Just getting started riding motorcycles? Here’s everything you need to know about riding gear — helmets, jackets, gloves, boots and such — in one digestible package.
One of the most frequent inquiries we get here at RideApart isn’t about which motorcycle to buy or how to learn to ride, but what gear to buy and wear once you’ve accomplished all that. Here’s the info you need to make smart decisions, to be more comfortable, safer and, hopefully, save some money in the process.
Why You Need Good Gear
Last time we checked, the fastest human in the world is Usain Bolt. During the 100-meter sprint, he peaked at 27.78 mph. If he were to fall going that speed, he’d likely sustain serious injury; the human body simply didn’t evolve to go any faster. Which is why even falling off a horse (Guinness World Record top speed: 43.97 mph) can lead to death.
On a motorcycle, you’re going to be traveling much faster. Even around town you’ll be hitting 50 mph or more and, on the highway, you may find yourself exceeding 85 mph. Your skin, bones and organs were not designed to withstand impacts at those speeds.
Then there’s the question of abrasion. As a general rule of thumb, figuring the average road surface, you can expect to lose one millimeter of flesh for every mile per hour you’re going over 30 when you crash. No, we don’t know why the thumb mixed empirical and metric units. So, at the top speed of that horse, you’ll have lost 1.4cm (or more than half an inch) of skin and muscle. Where on your body can you afford to lose that much? And that’s at only 44 mph. What if you crash at 70 mph and lose an inch and a half? We’re talking serious, life-threatening injuries from abrasion alone.
Then there’s the weather. What if it’s kinda cold out? Even at, say, a 50F ambient temperature, windchill at 55 mph is going to make it feel like it’s 25F. In other words: from the kind of temperature in which you might need a light sweater, to the kind of cold where you want long undies and a down jacket. Getting wet would compound that much further.
Gear can even help when it’s hot, by better allowing your body’s natural evaporative cooling effect to take place. Under constant wind blast, the sweat is blown off your skin too quickly for it to have a cooling effect. Put on a (summer) jacket, helmet, boots, gloves and pants, however, and your body is free to cool itself as designed.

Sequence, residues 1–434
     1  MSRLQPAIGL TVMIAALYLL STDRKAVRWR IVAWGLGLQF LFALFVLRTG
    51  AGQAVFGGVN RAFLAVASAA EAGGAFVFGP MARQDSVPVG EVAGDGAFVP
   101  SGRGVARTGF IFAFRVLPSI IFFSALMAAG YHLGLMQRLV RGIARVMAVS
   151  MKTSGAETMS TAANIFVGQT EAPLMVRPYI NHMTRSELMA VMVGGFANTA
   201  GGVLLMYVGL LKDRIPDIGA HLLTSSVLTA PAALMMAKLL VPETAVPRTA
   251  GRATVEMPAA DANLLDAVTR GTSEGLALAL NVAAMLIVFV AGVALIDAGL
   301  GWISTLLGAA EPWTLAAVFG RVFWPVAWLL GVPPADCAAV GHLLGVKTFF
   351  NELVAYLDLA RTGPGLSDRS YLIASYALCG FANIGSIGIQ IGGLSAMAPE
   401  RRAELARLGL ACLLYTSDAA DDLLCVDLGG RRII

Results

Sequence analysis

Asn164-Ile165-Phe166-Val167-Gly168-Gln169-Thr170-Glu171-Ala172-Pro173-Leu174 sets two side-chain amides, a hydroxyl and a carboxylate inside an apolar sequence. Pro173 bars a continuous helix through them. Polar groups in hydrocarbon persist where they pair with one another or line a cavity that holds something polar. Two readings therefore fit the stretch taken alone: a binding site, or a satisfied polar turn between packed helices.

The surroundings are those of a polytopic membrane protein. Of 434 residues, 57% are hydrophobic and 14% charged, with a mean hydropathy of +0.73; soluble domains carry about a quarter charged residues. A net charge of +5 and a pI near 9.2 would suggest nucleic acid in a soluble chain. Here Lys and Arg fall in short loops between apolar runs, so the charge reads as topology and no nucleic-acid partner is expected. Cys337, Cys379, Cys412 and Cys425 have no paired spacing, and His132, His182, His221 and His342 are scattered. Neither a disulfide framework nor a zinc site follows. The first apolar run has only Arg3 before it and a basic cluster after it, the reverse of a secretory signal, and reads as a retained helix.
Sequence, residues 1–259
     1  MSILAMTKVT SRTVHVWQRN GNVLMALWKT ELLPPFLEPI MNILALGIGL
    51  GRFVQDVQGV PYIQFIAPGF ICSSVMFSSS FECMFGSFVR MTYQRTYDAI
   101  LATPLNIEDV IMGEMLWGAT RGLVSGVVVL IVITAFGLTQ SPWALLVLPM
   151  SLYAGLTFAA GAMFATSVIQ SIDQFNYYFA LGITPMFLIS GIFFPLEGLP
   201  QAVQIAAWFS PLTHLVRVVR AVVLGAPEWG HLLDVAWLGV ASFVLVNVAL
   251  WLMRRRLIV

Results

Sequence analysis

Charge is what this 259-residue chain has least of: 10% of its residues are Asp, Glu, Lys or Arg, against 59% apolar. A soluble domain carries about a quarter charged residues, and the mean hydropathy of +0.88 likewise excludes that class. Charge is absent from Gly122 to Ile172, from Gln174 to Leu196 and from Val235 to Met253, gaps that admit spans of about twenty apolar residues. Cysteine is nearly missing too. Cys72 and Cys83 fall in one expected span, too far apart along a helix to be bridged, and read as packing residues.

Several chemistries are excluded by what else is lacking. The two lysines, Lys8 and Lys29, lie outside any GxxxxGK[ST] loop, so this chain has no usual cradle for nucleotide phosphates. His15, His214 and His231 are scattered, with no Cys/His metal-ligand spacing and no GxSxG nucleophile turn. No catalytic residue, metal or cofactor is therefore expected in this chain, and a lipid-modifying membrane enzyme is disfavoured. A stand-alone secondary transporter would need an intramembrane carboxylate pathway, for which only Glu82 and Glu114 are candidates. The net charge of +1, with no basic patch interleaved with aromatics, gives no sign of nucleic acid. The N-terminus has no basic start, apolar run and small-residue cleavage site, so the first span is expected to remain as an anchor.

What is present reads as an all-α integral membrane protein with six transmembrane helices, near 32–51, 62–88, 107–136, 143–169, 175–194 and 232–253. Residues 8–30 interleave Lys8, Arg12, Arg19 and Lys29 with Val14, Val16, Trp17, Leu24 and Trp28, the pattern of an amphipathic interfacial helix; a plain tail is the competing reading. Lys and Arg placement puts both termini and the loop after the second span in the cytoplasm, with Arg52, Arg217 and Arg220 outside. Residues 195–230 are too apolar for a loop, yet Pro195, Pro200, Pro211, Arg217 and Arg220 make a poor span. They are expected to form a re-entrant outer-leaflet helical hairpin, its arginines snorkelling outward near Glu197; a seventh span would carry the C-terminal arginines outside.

Luckily, mankind has achieved through science what evolution has failed to provide: clothing that protects you from accidents and the elements, and makes riding an easier, more comfortable experience.
According to a study published by Dietmar Otte, 45 percent of all impacts to motorcycle helmets occur around the face, in an area not covered by open-face or three-quarter-type helmets. You really, really, really want to be wearing a full-face helmet. As an added bonus, they’ll keep the wind out of your eyes and bugs out of your teeth, too.
A jacket covers the other stuff on your body that’s fragile and important: arms, back, ribs, organs – all that fun stuff. You absolutely must choose a motorcycle-specific jacket for purposes of both safety and comfort. Fashion leather jackets and similar are not made to withstand either the windblast or crashes that real motorcycle jackets are built to deal with.
Regular denim jeans will not protect you in a motorcycle accident.
Jeans that are either made from or include Kevlar panels offer slightly more abrasion resistance, but are still a compromise, offering nothing like the protection of a true pair of riding pants.